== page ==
Nadia Khomami and Matthew Weaver
Thursday 29 September 2016
Ben Emmerson QC has been suspended from the the troubled inquiry into institutional child abuse before he was expected to resign over disagreements with the fourth chair, Alexis Jay. His suspension is the latest setback to an investigation that has lurched from “catastrophe to catastrophe”, according to leading campaigner and child abuse survivor Ian MacFadyen.
The former director of public prosecutions, Lord MacDonald, said the inquiry had been “careering out of control since its inception”.
Here is a summary of the inquiry’s brief and beleaguered history:
7 July 2014
Theresa May, then home secretary, announces a public inquiry into child abuse prompted by allegations of a cover-up of the crimes of prominent offenders such as Jimmy Savile and Cyril Smith. She says the inquiry has the remit of investigating whether “state and non-state institutions”, including churches, Westminster, schools, the BBC, hospitals and care homes, have taken seriously their duty of care to protect children from sexual abuse within England and Wales. May says:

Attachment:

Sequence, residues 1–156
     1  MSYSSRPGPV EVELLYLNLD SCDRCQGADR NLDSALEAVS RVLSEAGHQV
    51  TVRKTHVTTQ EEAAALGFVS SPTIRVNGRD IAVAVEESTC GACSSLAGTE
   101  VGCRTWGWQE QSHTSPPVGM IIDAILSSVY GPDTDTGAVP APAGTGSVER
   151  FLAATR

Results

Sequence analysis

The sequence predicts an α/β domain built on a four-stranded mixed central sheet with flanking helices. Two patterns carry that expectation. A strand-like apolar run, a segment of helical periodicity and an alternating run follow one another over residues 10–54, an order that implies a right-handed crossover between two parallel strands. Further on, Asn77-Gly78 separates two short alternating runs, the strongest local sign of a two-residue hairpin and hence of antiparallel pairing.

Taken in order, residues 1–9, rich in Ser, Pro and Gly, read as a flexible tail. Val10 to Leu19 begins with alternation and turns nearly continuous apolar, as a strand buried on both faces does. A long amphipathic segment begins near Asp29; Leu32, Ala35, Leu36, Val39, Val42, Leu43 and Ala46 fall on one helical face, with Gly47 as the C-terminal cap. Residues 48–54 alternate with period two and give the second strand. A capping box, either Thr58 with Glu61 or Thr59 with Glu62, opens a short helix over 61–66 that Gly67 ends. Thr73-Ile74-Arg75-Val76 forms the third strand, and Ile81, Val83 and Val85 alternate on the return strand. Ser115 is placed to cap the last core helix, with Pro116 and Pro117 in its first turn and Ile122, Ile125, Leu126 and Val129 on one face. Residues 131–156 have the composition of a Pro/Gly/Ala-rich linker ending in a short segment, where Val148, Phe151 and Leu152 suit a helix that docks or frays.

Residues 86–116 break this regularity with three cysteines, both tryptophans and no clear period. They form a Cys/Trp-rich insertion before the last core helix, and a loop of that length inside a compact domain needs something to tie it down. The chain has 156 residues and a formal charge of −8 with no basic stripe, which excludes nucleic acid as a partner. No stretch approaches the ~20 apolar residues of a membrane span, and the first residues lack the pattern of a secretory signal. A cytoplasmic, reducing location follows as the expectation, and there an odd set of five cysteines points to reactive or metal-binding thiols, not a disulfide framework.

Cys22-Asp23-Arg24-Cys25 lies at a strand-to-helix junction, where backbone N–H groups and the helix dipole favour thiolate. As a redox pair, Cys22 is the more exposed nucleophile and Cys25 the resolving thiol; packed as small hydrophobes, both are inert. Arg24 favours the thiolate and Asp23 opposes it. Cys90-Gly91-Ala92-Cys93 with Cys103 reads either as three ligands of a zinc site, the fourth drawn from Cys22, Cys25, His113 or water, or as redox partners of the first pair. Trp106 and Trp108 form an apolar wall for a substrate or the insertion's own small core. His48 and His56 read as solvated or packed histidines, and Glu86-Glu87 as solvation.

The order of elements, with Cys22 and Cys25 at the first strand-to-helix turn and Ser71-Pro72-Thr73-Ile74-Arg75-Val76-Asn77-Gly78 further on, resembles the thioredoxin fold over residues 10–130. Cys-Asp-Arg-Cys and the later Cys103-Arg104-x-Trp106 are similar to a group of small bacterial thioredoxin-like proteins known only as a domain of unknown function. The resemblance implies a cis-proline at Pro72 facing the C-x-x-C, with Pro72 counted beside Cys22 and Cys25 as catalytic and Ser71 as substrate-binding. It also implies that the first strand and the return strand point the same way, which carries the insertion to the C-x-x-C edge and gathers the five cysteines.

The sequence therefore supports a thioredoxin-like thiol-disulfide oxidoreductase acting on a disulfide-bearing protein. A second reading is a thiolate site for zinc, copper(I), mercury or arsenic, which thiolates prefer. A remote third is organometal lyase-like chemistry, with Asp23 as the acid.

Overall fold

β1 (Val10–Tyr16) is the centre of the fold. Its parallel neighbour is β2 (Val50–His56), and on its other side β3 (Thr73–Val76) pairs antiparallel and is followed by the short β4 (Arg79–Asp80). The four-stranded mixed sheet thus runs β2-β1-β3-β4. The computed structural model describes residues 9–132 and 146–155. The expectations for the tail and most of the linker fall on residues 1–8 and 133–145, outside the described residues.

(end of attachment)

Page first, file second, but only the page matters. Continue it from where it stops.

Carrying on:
Our priority must be the prosecution of the people behind these disgusting crimes … Wherever possible – and consistent with the need to prosecute – we will adopt a presumption of maximum transparency. And … where there has been a failure to protect children from abuse, we will expose it and we will learn from it.
Elizabeth Butler-Sloss, the retired senior judge who chaired the Cleveland child abuse inquiry in the late 1980s, is appointed as chairwoman. The former president of the family division of the high court, who coined the phrase “listen to the children” in her Cleveland report, says she is honoured to be asked to carry out “this important work”.
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